Gertrude Clark, aged seven, a perfectly healthy child, who has never been sick since she was born until the present disease. About March 12th, 1865, the pillow on which she had slept at night would be found, in the morning, somewhat stained with blood. After a few days, she began to spit bloody saliva, and on examination, March 17th, she was found to have small spots of extravasated blood all over the body. When she had the least hurt there would immediately follow a large spot in the vicinity, which would be quite black from the extravasated blood. Any little scratch bled profusely and continuously. The accidental scratch of a pin would bleed so as to saturate cloth after cloth. Little red points appeared on the tongue and on the whole buccal cavity, and these oozed continuously. Blood settled beneath the conjunctiva and the eyes appeared entirely “blood-shot.” The breath became peculiarly offensive. The discharge from the mouth of bloody saliva was filled with shreds of decomposed or disorganized blood. The pulse was regular but quick. The appetite was good and she slept well. She was inclined to play and only became exhausted after considerable exertion. She had been entirely well before, for all that her parents had seen, and, but for the blood they would not at first have known that anything was the matter. This was the condition, March 17th, 1865. It had been five or six days coming on. The appearance was frightful; even ordinary handling would leave the marks of the fingers, as though a powerful blow had been struck on the child, and these spots were inclined to extend indefinitely. A slight knock from a doll baby's head near the eye involved the whole eye and its surroundings in a black, unsightly spot. All the secretions were bloody.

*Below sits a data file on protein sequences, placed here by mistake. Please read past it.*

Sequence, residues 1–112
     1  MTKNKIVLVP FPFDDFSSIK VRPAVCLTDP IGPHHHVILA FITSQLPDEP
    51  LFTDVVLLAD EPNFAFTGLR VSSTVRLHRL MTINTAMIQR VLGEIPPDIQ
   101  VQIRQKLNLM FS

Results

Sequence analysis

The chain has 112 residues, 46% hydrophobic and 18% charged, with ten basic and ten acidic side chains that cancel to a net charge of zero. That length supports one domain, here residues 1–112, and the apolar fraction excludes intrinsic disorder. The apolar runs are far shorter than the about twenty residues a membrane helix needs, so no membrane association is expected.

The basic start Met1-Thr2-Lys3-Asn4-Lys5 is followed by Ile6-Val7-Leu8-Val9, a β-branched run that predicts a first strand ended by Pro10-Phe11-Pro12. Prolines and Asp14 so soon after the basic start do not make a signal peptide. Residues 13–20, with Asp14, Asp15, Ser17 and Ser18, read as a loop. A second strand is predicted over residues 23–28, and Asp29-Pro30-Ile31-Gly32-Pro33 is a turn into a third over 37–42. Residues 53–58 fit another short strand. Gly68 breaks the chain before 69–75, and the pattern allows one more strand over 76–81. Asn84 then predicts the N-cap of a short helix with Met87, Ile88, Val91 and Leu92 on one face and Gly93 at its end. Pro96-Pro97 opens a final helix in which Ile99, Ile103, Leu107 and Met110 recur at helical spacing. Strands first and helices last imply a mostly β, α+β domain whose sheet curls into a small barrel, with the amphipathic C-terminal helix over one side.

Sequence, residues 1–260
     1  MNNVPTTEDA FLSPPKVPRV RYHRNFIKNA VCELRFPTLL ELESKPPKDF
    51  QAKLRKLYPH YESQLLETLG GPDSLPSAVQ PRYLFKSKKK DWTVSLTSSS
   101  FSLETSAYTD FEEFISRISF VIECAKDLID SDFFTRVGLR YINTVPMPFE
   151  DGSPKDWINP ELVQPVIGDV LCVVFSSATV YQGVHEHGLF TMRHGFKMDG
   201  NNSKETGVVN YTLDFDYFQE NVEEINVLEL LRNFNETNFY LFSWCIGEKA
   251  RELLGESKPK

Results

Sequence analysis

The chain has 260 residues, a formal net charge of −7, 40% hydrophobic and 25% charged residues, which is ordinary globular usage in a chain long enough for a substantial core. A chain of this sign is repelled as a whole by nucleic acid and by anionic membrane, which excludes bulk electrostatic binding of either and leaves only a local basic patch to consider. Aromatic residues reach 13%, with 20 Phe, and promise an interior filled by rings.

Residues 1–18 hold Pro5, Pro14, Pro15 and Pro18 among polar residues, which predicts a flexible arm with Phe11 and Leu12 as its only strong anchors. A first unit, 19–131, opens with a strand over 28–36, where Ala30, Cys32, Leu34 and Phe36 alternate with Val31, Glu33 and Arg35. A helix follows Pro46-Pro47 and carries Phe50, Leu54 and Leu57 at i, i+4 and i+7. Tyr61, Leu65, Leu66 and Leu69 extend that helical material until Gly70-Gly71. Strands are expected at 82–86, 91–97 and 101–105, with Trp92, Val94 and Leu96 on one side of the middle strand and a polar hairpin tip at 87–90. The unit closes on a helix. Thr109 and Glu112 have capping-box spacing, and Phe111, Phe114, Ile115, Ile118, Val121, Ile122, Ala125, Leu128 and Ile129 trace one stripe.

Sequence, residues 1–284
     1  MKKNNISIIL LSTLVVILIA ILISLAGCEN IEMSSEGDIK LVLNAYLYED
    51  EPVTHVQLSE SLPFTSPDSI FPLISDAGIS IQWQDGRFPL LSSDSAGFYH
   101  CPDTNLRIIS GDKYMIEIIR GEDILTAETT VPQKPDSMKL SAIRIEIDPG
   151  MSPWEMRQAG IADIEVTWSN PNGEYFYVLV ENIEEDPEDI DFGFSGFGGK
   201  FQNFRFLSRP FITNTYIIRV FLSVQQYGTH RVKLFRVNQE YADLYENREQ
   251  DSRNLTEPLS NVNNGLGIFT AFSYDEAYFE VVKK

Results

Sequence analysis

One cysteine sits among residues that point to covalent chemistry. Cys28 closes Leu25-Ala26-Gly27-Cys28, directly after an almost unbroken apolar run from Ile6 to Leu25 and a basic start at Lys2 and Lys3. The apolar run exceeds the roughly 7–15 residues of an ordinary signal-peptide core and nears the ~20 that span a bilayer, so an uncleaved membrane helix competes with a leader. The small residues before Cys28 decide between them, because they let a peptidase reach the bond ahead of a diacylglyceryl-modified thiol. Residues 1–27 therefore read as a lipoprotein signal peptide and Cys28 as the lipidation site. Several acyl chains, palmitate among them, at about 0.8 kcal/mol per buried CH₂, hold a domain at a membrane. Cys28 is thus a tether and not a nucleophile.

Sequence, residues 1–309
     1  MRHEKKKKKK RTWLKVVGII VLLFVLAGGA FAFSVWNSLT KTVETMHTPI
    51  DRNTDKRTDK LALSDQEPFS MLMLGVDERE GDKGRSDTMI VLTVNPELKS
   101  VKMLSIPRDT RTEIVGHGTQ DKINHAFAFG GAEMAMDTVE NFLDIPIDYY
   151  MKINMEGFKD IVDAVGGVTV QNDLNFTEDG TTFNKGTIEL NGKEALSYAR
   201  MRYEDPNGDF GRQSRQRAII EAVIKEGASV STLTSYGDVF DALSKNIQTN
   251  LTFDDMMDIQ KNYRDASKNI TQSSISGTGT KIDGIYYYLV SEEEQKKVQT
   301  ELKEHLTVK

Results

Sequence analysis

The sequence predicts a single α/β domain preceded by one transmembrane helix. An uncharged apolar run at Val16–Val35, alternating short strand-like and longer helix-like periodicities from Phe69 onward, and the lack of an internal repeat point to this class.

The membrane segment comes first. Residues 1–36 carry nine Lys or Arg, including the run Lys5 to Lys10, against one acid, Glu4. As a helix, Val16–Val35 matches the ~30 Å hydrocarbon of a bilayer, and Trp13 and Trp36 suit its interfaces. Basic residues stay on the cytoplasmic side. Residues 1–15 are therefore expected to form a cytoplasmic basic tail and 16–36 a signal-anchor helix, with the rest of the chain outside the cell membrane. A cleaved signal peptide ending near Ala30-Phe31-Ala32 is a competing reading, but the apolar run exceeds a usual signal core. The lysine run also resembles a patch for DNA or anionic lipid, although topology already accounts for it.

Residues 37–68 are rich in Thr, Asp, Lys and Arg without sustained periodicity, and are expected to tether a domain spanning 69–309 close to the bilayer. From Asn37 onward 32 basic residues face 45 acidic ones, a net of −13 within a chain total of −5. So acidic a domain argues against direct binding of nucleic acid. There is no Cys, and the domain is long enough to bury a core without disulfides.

On investigating the case, several remedies presented claims for use, and as there were few or no subjective symptoms there was great difficulty in choosing between them from the objective symptoms alone.
So many of the symptoms were found in Phosphorus that it was given in the case March 18th. Up to this time the hemorrhagic condition had grown rapidly and continuously worse. So very weak had she become that she tottered when attempting to walk, and she was obliged to sit down.
March 19th, Phosphorus was again given. Immediately the disease began to diminish and the blood disappeared as it had appeared. In fact the case was so surely under cure by Phosphorus that it was dismissed from further care as certain to get well, without further medication. Thus two doses of Phosphorus200 cured this really dangerous disease.
|Source:||The American Homoeopathic Review Vol. 04 No. 12, 1865, pages 566-568|
|Editing:||errors only; interlinks; formatting|